A president and a liberal walk into the Last Chance saloon…

William Saunderson-Meyer writes on Vladimir Putin's critique of the West


The international headlines were grim. Liberalism is obsolete. Liberalism is dead.

The abrupt demise of a rights-oriented philosophy that has for at least four centuries underpinned the struggle for individual freedoms and which, post World War Two, has dominated in the West and, increasingly, much of the rest of the world, is big news. It came to us via Financial Times’ editor Lionel Barber’s interview with President Vladimir Putin at the G20 summit. 

Putin, who has through a variety of totalitarian stratagems survived for nearly two decades as Russia’s nominally democratically elected leader, is of course, not one’s obvious choice as disinterested political coroner. Donald Tusk, the European Council president spoke for most of the EU when he “strongly disagreed” and, in an obvious dig at Putin, said: “What I find really obsolete is authoritarianism, personality cults and the rule of oligarchs.”

Virtually without exception, the mainstream anglophone media responded along the same smugly dismissive lines. Even Britain’s right-of-centre Express, had a sneering putdown, despite sharing, at heart, many of Putin’s nationalistic views. Vlad, it commented, was a “cartoonish despot” imbibing towards oblivion in the “Last Chance Saloon”.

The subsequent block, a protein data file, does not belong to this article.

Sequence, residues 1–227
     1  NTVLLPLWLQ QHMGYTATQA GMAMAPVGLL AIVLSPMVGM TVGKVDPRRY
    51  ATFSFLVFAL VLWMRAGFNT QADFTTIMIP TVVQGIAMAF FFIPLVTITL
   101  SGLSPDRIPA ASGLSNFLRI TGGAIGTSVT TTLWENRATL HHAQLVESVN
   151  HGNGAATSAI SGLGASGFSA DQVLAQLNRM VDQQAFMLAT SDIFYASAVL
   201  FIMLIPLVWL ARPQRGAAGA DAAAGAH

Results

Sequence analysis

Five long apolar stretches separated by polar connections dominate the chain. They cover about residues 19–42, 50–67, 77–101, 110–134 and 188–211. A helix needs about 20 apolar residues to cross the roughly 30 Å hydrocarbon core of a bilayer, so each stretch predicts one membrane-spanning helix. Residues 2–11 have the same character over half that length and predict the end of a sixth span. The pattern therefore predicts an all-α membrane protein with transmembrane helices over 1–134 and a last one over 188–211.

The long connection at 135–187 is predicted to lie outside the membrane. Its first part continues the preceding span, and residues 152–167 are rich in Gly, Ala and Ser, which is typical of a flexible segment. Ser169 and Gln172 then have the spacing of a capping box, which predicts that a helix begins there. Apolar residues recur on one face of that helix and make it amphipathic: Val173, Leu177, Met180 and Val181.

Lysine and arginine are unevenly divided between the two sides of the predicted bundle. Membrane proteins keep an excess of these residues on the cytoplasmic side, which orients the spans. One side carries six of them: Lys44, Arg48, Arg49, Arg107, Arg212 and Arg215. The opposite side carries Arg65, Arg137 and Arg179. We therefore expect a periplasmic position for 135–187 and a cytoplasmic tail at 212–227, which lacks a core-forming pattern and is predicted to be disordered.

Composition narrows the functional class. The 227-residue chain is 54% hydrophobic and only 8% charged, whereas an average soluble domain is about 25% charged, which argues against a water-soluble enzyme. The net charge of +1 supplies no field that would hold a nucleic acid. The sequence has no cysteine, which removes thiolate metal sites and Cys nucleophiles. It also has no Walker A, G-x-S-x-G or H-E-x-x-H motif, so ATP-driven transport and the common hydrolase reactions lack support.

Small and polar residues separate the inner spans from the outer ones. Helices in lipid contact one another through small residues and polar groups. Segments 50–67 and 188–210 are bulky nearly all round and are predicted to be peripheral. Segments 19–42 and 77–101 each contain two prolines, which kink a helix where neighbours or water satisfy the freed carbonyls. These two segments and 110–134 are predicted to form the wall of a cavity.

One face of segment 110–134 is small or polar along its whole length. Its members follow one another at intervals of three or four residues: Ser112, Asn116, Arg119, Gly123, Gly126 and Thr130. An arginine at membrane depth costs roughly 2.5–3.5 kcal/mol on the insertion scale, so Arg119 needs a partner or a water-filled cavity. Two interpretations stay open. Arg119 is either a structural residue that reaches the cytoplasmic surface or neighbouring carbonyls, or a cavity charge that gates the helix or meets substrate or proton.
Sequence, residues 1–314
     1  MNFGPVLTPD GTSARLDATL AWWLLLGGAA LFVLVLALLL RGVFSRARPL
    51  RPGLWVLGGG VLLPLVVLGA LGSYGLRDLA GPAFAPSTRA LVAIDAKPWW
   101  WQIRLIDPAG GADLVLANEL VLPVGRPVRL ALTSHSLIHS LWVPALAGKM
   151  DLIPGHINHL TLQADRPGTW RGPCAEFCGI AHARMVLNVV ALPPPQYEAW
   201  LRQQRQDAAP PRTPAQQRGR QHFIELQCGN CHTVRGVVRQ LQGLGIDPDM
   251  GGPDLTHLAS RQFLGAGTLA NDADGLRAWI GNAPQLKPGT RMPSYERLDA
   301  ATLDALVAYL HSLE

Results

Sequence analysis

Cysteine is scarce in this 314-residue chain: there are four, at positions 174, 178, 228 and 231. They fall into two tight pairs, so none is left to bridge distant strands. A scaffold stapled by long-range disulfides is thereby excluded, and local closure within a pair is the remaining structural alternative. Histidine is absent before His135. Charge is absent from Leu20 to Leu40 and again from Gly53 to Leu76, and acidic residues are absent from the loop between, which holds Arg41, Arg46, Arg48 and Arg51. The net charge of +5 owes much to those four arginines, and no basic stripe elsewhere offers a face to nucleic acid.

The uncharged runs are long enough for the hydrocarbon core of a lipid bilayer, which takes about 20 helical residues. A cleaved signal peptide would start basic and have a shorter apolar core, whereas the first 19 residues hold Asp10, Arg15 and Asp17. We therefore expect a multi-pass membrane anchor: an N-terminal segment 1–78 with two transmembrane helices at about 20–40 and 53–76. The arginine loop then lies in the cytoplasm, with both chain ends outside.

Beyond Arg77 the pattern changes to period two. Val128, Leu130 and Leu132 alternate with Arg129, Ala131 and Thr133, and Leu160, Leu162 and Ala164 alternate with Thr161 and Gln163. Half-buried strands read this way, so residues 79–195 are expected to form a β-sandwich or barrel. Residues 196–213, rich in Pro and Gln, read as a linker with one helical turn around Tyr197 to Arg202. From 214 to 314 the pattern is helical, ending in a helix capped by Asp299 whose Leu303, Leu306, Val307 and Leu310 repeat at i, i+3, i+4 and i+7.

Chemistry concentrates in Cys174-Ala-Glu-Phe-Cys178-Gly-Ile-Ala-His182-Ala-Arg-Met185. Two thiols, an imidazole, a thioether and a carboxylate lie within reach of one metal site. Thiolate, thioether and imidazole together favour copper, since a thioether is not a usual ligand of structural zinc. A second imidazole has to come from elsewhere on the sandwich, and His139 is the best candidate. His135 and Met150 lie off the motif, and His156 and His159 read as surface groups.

However, the verbatim transcript of the FT interview — why, in this digital age, does the media not, as standard practice make easily accessible their source documents? Is it because they fear the dissonance that often exists between the gaudily coloured snapshot that they publish and the nuanced shades in the unedited material? — presents a slightly different picture than that put out by CNNThe IndependentThe GuardianTime, and the rest.  

Putin’s analysis is more deserving of consideration than the knee-jerk reaction it received. He is spot-on about the excesses of Western-style liberalism, which have to be addressed sensibly. 

Liberalism is not dead. It is not obsolete. But it is enervated. 

And it will die if does not escape its hijackers, who through extreme positions — most notably on borders and migration; on multiculturalism; and sexual diversity —  have alienated substantial numbers of the very voters on which a liberal philosophy’s survival depends. The growth of anti-establishment populism in the United States, Britain, and much of Europe should be proof enough of that.

Some of Putin’s barbs against liberalism:

On popular alienation: “[Liberals] cannot simply dictate anything to anyone just like they have been attempting to do over the recent decades. The liberal idea has … come into conflict with the interests of the overwhelming majority. The ruling elites have broken away… The obvious problem is the gap between the interests of the elites and the overwhelming majority of the people.”